Daniel Craig, Hugh Jackman Broadway Reviews: So-So

Daniel Craig, Hugh Jackman Broadway Reviews: So-SoThe reviews for “A Steady Rain” by Keith Huff starring Daniel Craig and Hugh Jackman are in, and the consensus is that the play’s an absurd melodrama, a blatant star vehicle in which Jackman is miscast as Denny the Chicago cop; Craig as Joey the Chicago cop and Denny’s friend since kindergarten is better. (As if it mattered what mere critics think: For the week ending September 20th, the show’s weekly gross of $1,167,954 was the highest for a non-musical in Broadway history.).

Ben Brantley in the New York Times: ” Big names, little show.
“A Steady Rain,” which opened on Tuesday night at the Gerald Schoenfeld Theater, is probably best regarded as a small, wobbly pedestal on which two gods of the screen may stand in order to be worshiped…“A Steady Rain” takes up a sit-dram setup made popular in gritty plays and movies of the 1930s: Best friends since childhood, in the same tough neighborhood, find themselves on different sides of the law and in love with the same woman!”

Michael Kuchwara of Associated Press: “…a minor, melodramatic little play…One problem with “A Steady Rain” is its overload of stories that could probably fill several episodes of television’s ‘Law & Order.’”


Elizabeth Vincentelli of The New York Post
: “Huff’s idea of thinking outside the box begins and ends with his naming the Irish character Joey (Craig) and the Italian one Denny (Jackman). Everything else is steeped in hoary convention, from the flashback structure to the tone, dripping with tough-guy attitude…. Bad-boy Denny takes kickbacks on the job but his domestic life, complete with wife and kids, is relatively settled. Responsible Joey goes to sensitivity training but also has a drinking problem and can’t get a date. That’s about it for layers.
“When things come to a head in a mishmash involving a lactating prostitute, a violent pimp, a serial killer and a puppy — sadly, they aren’t all together in a bar — Joey must re-examine his lifelong relationship with his hotheaded friend and partner.
“Because the story is told in alternating monologues, the two actors rarely interact. This deprives the show of the much-needed energy the collision of these two particular particles might have created.
“Jackman is vastly appealing, as usual, but he’s also miscast as Denny…”

Peter Marks of The Washington Post: “A 90-minute “duologue” in which the actors recount an absurdly calamity-filled few weeks in the lives of two maverick crime fighters, the play by Keith Huff packs in descriptions of enough murder and mayhem to stock entire seasons of the “CSIs” in Las Vegas, Miami, New York and for that matter Chillicothe, Ohio.”

Michael Feingold of the Village Voice: “…the important parts of A Steady Rain are Daniel Craig and Hugh Jackman. Without them, Keith Huff’s play wouldn’t be much—would, in fact, hardly be a play at all. Narrated in alternating dollops by its two characters, from some cosmic limbo where the living and the dead can engage in cross-talk and occasionally deign to notice each other, it tells the mildly interesting, mildly sensationalistic story of two Chicago cops whose partnership suggests what might happen if Laurel and Hardy got in shape and took up law enforcement.
“Craig and Jackman don’t look or sound much like Chicagoans—or cops—but, being magnetic and handsome, do very well for stuff like this, which requires only a tenuous brush at believability…One wouldn’t mind seeing either man in an actual play sometime.”

Roma Torre of NY-1 is a little more positive: “… both Craig and Jackman are solid stage actors. Craig nails the accent a little bit better than Jackman, who occasionally gives his lines an Aussie inflection. But they handle the clipped banter well, and both are convincing as street-hardened cops. “A Steady Rain” is at best a modest drama for Broadway that not even the strength of Wolverine and James Bond could turn into must-see theater.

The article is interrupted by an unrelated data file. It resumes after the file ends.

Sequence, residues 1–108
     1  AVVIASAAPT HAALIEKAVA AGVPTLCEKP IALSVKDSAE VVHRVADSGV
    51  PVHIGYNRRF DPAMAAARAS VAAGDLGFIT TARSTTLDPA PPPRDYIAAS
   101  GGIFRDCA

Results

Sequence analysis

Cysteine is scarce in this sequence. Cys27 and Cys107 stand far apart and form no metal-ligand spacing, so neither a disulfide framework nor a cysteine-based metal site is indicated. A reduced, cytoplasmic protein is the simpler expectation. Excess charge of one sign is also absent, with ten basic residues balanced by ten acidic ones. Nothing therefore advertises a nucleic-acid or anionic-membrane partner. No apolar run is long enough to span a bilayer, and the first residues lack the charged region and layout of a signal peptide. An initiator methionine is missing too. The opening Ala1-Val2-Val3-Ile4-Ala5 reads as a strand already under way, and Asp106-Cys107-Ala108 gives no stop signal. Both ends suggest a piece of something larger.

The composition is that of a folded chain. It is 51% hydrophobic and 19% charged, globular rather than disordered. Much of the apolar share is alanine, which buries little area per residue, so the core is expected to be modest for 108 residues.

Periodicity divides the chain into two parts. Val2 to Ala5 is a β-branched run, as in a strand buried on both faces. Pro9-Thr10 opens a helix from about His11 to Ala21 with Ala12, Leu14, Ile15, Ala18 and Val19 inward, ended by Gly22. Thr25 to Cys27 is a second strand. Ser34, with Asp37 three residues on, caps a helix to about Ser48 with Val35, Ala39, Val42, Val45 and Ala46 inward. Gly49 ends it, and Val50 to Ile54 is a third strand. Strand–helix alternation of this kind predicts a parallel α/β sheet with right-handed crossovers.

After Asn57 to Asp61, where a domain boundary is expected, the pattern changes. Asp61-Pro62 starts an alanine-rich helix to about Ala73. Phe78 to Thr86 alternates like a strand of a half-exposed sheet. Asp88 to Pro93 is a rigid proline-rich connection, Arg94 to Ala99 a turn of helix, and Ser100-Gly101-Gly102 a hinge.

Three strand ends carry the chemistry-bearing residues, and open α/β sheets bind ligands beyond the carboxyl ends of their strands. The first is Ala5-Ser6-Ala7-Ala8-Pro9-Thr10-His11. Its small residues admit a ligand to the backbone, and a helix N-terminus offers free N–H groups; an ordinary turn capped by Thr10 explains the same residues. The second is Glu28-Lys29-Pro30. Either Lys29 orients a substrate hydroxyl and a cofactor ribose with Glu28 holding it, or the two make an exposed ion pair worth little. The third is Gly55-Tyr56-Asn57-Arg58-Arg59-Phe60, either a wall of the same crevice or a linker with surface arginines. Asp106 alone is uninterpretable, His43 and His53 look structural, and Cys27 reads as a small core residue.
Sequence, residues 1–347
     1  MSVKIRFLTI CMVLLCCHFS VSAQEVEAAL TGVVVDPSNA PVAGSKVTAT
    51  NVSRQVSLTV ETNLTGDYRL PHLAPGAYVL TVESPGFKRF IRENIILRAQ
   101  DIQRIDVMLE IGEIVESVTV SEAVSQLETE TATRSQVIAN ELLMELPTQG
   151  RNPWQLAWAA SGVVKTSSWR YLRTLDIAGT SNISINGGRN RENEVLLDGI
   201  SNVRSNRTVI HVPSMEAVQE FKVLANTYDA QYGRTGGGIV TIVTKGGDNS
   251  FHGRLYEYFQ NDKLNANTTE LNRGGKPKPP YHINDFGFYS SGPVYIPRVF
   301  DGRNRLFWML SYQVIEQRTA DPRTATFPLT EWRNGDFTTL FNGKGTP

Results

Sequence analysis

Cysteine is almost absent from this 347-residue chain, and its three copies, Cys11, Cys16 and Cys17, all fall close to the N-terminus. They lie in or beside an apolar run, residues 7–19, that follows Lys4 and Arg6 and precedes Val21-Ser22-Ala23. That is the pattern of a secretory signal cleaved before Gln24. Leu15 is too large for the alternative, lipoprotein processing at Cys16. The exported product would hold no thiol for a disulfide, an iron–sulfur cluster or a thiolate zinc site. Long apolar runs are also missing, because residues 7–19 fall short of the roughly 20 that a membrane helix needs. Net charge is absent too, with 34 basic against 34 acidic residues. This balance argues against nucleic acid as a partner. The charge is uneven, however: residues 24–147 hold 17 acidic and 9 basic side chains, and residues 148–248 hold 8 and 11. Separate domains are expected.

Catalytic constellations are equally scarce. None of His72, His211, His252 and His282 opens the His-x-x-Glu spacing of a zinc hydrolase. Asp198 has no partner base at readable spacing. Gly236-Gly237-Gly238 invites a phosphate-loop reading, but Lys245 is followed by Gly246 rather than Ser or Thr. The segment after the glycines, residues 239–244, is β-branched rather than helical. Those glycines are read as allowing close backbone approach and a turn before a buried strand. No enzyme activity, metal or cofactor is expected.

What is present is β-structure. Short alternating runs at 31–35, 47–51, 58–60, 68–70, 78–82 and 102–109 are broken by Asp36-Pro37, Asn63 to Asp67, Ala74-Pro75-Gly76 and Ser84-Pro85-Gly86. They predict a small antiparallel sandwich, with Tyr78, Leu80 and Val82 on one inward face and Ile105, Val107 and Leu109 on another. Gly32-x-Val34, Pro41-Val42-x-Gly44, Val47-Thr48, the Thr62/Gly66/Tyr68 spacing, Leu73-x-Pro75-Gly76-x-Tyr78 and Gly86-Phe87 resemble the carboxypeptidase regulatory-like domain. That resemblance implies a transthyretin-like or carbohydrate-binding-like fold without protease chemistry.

But Jackman and Craig in their first dramatic roles on the Great White Way have certainly earned their stripes, deserving a more worthy vehicle for their superstar talents.”

Linda Winer of Newsday is the most positive of all: “a taut exercise in Middle American pulp fiction, a gorgeously acted set of monologues…The writing is part second-generation David Mamet, part TV cop show – not profound or wildly original, but commanding, with both a bully-boy swagger and a closely observed sense of casual ugliness.
“Jackman and Craig mostly sit in chairs under what appear to be interrogation lamps. They tell their versions of events in the past tense, sometimes to us, sometimes to each other. Jackman – radically transformed from his Tony-winning song-and-dance flamboyance as “The Boy From Oz” – boasts black patent-leather hair and the insolent air of entitlement as Denny, the family man and alpha dog in this friendship. Craig – an experienced London stage actor but a genuine discovery for Broadway – plays the milder-mannered Joey, a lonely alcoholic who seems to want to hide behind his bland mustache. He may be a less flashy character, but his drives are no less primal.”

The headlines for many of the reviews, incidentally, made a pun on the idea of rain, from “Shower of Praise” to “More Like A Steady Drizzle.” Brantley observed that Julia Roberts’ star vehicle on Broadway also had “rain” in the title, “Three Days of Rain,” and suggested future Broadway star vehicles: “A Hatful of Rain” with Robert Pattinson and Kristen Stewart, the sweethearts of the vampires-in-love “Twilight” movies, as the drug addict and his pregnant wife? Or Lindsay Lohan as Sadie Thompson in “Rain”?

Photograph by Joan Marcus

Jonathan Mandell, who tweets as New York Theater, is a native New Yorker and third-generation journalist with diverse experience on newspapers, magazines and websites.He has written for a wide varie ...read more

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